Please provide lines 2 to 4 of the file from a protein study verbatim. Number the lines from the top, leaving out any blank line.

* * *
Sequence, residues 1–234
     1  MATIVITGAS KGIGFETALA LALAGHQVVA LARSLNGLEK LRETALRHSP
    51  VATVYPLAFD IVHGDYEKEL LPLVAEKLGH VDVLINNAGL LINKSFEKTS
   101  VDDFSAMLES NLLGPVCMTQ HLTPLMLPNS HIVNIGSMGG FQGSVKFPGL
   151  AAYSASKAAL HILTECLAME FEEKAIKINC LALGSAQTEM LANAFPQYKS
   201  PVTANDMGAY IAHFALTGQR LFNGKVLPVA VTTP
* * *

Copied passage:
     1  MATIVITGAS KGIGFETALA LALAGHQVVA LARSLNGLEK LRETALRHSP
    51  VATVYPLAFD IVHGDYEKEL LPLVAEKLGH VDVLINNAGL LINKSFEKTS
   101  VDDFSAMLES NLLGPVCMTQ HLTPLMLPNS HIVNIGSMGG FQGSVKFPGL